Times do come when people fail to meet your expectations (which, in and of themselves are assumptions of a type), and you have to deal with one of the more unpleasant parts of managing: making corrections. Most of the time, however, you'll find that the reason that people didn't meet your assumptions is not out of laziness or malice, but out of ignorance and/or lack of communication.

Never attribute to malice what can easily be explained by ignorance.

Which leads me to another thought on assumption: one assumption you should always have is that the person with whom you are working is trying to do their best, according to his or her ability. Working with this variable in place in your equations makes it easier to stop a moment and find out what is really blocking things and how you can help them, rather than you feeling disappointed and feeling like you need to punish them. Very, very rarely are people who are being paid to work with and for you actually trying to fail you.

Keep that assumption in mind, and the rest of them are a lot easier to manage when they need to be altered to fit the formula of what must be done.

Thursday, November 4, 2010

Bonus Blog: Busy People Solutions and Calendar Stalking

You may have heard the phrase, "If you have something that needs doing, give it to a busy person." The theory is that a busy person is busy because they are actually accomplishing things.

In fact, however, having been that busy person, I'm not in any way amused by this saying or the subsequent additional work. Most people do not float down the hallway saying "I'm totally swamped but pile it on!"

Usually, we're looking to offload the extra work to get our proverbial heads above water.

This is why when you're waiting on a response from someone whom you know is overwhelmed, and don't receive the response, it can be frustrating. Oh, you know they're busy. You're busy, too. You really need that info, and they have it.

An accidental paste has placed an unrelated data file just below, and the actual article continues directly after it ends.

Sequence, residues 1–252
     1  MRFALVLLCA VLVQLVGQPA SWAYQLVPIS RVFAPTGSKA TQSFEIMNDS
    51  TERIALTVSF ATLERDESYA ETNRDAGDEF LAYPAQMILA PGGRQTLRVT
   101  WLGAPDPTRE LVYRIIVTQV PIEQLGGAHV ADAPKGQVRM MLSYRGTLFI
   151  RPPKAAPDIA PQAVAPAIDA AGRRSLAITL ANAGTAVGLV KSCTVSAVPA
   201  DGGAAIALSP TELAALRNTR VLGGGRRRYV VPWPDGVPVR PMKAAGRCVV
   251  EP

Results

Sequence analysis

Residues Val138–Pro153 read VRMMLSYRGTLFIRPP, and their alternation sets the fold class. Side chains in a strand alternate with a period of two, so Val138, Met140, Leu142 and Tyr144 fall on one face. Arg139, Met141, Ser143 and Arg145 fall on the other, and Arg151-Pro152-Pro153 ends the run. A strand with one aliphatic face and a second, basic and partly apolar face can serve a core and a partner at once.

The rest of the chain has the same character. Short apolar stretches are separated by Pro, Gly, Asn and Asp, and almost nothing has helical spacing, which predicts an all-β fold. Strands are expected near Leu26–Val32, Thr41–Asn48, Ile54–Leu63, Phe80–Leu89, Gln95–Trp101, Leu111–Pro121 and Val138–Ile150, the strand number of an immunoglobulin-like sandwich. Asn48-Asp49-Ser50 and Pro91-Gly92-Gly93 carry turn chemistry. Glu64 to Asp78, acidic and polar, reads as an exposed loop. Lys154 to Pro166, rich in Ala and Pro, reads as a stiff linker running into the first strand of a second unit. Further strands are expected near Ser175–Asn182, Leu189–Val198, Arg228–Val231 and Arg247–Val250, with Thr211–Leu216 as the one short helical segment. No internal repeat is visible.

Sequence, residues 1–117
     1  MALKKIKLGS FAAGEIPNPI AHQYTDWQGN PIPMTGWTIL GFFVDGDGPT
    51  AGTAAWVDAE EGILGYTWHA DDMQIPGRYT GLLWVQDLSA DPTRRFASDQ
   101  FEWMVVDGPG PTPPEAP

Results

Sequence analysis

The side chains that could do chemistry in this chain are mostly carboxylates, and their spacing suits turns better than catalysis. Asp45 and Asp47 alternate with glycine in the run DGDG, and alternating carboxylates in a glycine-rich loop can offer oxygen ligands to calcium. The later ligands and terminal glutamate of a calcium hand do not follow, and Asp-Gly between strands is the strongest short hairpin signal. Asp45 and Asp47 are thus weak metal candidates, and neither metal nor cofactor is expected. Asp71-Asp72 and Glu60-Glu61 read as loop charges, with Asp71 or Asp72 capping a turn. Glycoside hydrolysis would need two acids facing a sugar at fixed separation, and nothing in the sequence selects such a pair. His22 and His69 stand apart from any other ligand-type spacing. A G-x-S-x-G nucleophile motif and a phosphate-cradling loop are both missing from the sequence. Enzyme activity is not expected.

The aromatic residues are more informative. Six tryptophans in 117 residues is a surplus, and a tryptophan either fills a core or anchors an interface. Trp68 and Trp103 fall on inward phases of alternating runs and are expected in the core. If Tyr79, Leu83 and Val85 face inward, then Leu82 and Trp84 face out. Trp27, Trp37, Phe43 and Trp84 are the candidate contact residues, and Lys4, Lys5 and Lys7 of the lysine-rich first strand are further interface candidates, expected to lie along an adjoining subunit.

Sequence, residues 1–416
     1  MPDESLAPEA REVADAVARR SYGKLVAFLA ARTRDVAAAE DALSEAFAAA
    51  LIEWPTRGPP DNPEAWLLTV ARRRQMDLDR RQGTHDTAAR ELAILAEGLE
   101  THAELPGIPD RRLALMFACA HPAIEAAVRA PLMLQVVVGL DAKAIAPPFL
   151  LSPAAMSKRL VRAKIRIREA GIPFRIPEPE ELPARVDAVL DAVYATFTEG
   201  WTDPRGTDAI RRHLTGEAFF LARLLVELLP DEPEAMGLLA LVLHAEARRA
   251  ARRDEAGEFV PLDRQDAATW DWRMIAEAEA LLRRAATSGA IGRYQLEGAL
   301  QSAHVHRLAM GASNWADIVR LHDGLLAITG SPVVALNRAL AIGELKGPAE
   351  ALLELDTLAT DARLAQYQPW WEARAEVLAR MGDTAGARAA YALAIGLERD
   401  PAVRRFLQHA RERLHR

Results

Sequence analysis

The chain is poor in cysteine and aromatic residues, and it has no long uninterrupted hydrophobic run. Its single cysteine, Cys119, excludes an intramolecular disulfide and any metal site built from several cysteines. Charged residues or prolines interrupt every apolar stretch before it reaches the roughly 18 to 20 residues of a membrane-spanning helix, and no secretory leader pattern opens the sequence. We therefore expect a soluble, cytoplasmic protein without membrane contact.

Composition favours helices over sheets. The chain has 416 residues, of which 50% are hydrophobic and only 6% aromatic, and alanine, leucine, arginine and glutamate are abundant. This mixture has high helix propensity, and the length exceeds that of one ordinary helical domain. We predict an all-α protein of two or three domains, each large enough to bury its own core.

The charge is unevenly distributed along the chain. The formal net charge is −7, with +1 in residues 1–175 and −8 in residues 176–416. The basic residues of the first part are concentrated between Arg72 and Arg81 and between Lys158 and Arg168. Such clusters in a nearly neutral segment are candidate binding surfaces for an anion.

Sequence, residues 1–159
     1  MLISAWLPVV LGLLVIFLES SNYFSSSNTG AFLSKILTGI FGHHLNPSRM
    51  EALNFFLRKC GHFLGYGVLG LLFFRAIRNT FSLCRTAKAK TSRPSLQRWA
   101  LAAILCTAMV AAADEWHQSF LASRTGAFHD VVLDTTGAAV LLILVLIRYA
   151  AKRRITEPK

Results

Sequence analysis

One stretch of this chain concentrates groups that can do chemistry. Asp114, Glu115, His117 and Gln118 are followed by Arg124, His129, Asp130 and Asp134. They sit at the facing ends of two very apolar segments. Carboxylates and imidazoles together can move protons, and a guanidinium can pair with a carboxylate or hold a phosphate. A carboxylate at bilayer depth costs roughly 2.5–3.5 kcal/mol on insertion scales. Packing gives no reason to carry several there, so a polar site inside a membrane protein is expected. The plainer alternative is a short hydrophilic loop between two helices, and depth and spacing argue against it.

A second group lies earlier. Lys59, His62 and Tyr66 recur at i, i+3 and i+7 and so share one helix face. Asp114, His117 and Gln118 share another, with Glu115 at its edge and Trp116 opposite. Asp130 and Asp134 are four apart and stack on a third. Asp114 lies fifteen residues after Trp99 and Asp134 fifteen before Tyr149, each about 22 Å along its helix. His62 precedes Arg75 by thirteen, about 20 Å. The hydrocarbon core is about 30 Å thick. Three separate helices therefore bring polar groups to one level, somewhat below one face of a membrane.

Many bosses think the best way to get that info is to set up a status meeting once a week (or sometimes once a day) until that data is in your hot little hands. Effectively, they have a ton of work they are buried in, so to get what you need from them, give them more work to do and less time to do it at their desks. This should work perfectly!

Ok. A lot of the time this isn't a horrible idea; people who are perpetually incapable of meeting deadlines without a human hovering benefit from these types of meetings. Most people, however, are annoyed by them. I have 60+ hours of work to do and now I have an extra hour each week sitting at a table with people not doing that work. Theory holds it will provide impetus for them to provide the data required so they can reclaim their time. What the theory doesn't include, however, is that a) you're pissing them off and by ) what else is on that person's priority list.

Typically, people that owe you something have bosses. To their bosses their love be true. Ok, their love of raises and praise, anyway. They have priorities they've approved with their bosses. Your stuff may or may not be on that list. Dragging them to another meeting once a week is annoying, but if their boss hasn't prioritized your stuff for them, they will either a) attend and draw pictures on their notepad for the entire meeting and or/ b) skip your meetings with a refreshing regularity that reminds you of the data you haven't yet gotten from them.

So, you've now figured out that they aren't sending you the data and the meetings are possibly anti-useful in getting the data. What do you do?

Many people would suggest you escalate. Escalation, however, usually casts the person in a bad light. If that person really is doing the bidding of their bosses' priorities, the escalation could explode in your face as their boss takes your boss to task over you pestering their busy employee.

The nice part about escalation, though, is you can do it at any point. So while it doesn't have to be your first option--and is frequently more powerful when it's not--you can try a few other things first.

Ok. Email doesn't work (check). Extra meetings don't work (check). Can't escalate, yet (check). What now?

Well, if you were in that person's shoes, what would you want you to do (and "Go away and never come back" is not a viable option)? You'd want the person who is begging for your time (a valuable resource) to understand why you have not been able to give it. If that work is on your priority list--just not at the top--you'd still want to get it done, but you'd need to communicate that to the person asking you for the data. Finally, you might want some help. I mean, if you're so buried you can't respond to emails and there's this resource hovering around you wanting something from you...well, you're in the perfect position to bargain for some help, right?